That says it all for me.  This is the kind of book that you want to own.  I have checked it out of the library three times and then I purchased my own copy.  There are so many gems of gardening wisdom in this book that I wanted to underline so I could remember them.  And I just couldn’t do that with my library book so I had to have my own copy.  I wanted to incorporate these new ideas into my gardening practice.

In each chapter he features two of his teachers and mentors for us to learn from.  So this book is about lots of gardeners and their tried and true methods. Each teacher offers his/her own gardening wisdom.  There is so much to learn from this book.  Just simple little things and attitudes that will help your gardening.

Growing Bamboo For Structures in the Garden

We had bamboo in our yard thirty years ago.  It was awful!  Pushing up new bamboo shoots everywhere–and impossible to get rid of.  I was really glad when we sold that house.

Then, last summer, I attended a Master Gardener meeting and I was introduced to a retired gentleman.  He was a master craftsman of bamboo in the demo garden.  He created lots of trellises and a very nice fence around the shade garden.  Ah!  I was beginning to see that bamboo has its virtues.

Then I read in Deep Rooted Wisdom that not all bamboo are aggressive spreaders.  There is the kind of bamboo that clumps!  What a revelation!  I could have bamboo in my garden and it would mostly stay in one place. Augustus Farmer says his favorite bamboo is Bambusa Multiplex which is a true clumping bamboo.  His favorite cultivars are Alphonse Karr and Riviereorum.  This is just one of the little golden nuggets of information that fill this book.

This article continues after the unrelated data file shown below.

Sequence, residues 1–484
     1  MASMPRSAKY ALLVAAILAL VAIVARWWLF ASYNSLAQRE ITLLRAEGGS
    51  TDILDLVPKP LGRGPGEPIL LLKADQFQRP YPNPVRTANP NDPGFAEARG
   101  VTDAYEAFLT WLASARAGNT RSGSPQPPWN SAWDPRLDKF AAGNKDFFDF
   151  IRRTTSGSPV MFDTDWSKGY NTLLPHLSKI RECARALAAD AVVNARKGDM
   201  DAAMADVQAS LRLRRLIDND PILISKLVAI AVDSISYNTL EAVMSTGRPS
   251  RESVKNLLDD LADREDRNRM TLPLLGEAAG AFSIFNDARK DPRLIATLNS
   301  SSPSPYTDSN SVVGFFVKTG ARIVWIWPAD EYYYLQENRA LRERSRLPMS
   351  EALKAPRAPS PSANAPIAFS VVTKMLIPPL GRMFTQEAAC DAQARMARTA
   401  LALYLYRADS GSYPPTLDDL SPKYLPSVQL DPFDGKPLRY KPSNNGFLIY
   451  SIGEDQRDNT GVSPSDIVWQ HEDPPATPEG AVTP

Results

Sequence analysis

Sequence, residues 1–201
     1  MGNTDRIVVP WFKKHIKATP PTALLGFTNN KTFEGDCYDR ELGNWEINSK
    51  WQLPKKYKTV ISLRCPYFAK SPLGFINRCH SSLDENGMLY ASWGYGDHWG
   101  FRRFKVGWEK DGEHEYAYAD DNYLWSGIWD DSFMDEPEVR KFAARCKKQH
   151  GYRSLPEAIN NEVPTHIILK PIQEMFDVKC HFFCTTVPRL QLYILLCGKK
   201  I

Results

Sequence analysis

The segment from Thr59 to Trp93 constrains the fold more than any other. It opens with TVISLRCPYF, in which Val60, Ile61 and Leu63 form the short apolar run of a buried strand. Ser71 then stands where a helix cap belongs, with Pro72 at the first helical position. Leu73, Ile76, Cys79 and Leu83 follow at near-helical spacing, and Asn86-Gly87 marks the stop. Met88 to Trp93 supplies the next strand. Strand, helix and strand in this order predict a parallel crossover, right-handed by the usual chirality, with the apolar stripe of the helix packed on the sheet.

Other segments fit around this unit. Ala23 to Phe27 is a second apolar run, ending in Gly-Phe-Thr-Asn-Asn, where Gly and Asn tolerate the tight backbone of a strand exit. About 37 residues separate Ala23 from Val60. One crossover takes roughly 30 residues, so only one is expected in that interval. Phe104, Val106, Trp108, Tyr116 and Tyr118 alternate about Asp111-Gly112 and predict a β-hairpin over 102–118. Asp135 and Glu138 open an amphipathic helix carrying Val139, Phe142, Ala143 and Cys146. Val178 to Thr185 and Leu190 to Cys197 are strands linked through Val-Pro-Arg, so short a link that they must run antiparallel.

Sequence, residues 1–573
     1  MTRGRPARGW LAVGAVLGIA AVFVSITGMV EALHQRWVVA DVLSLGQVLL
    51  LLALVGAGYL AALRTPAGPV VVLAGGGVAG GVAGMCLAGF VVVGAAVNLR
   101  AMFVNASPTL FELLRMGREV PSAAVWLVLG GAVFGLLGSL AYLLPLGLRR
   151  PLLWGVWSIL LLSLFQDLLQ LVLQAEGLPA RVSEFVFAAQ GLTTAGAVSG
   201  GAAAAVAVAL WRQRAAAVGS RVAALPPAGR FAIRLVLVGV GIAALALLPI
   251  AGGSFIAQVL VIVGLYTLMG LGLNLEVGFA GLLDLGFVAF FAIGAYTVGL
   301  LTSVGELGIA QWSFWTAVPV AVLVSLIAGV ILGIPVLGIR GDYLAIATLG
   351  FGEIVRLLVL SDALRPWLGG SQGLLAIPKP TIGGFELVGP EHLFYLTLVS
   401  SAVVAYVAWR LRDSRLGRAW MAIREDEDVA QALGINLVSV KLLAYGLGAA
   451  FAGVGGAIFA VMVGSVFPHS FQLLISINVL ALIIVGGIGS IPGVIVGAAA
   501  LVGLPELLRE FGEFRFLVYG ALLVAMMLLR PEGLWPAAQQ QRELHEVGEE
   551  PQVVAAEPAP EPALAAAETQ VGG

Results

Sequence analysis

Using Legumes for Fertilizer

One of Farmer’s mentors is Yvrose Valdez in Miami, Florida.  She doesn’t fertilize her garden or use much compost.  She uses legumes and their ability to fix nitrogen from the air into the soil to enrich her garden.  She interplants pigeon pea and perennial peanut amongst her bushes and flower beds.   Farmer asks her why she uses these old methods to fertilize her garden and she says, “Because it works.”  This is something I want to learn more about and use in my garden!

These are just two samples of the great advice in this book.  I am also fascinated by his chapter on Rooting in the Ground.  It seems people just used to stick cuttings in the ground to propagate them, in a very non-chalant way.  I have an old bed of lavender that needs to be redone.  After reading this chapter I am going to take cuttings and plant them next to the old lavender and see if they will take in the springtime.  Apparently this works for lots of people.  The trick is to plant a lot of cuttings because they won’t all take and that is to be expected. See the picture above–I decided to plant some cuttings indoors because the ground is frozen.  I will give an update later if it works.

The book is divided into eleven chapters.  The titles are listed here so you can see what a treat you are in for:

  1. Stacking Up-Growing Plants for Food, Construction, Flowers, Teaching and Connections
  2. Building Fertile Soils-Encouraging a Healthy Web of Life
  3. Stop the Tilling Cycle-Harvesting the Natural Power of Worms and Mushrooms
  4. Watering by Hand-Using the Essential Skill of Observation to Keep Plants Hydrated
  5. Rooting in the Ground-Working With Pass Along Plants
  6. Saving Seeds-Treasuring Heirlooms for Genetics and Nutrients
  7. Handmade Structures-Using Garden Materials for Trellises and Sculptures
  8. Scavenging-Unearthing Great Plants from Many Places
  9. Finding the Spirit-Telling Stories Through Your Garden
  10. Tools-Reviving Essential and Neglected Hand Tools
  11. Pest Philosophy-Taking a Holistic Approach to Insects and Weeds

After reading this Deep Rooted Wisdom book review go check this book out of the library.  See for yourself all the gardening wisdom it has to offer.  If you would like to purchase your own copy click on the link below.  Happy reading, learning and gardening!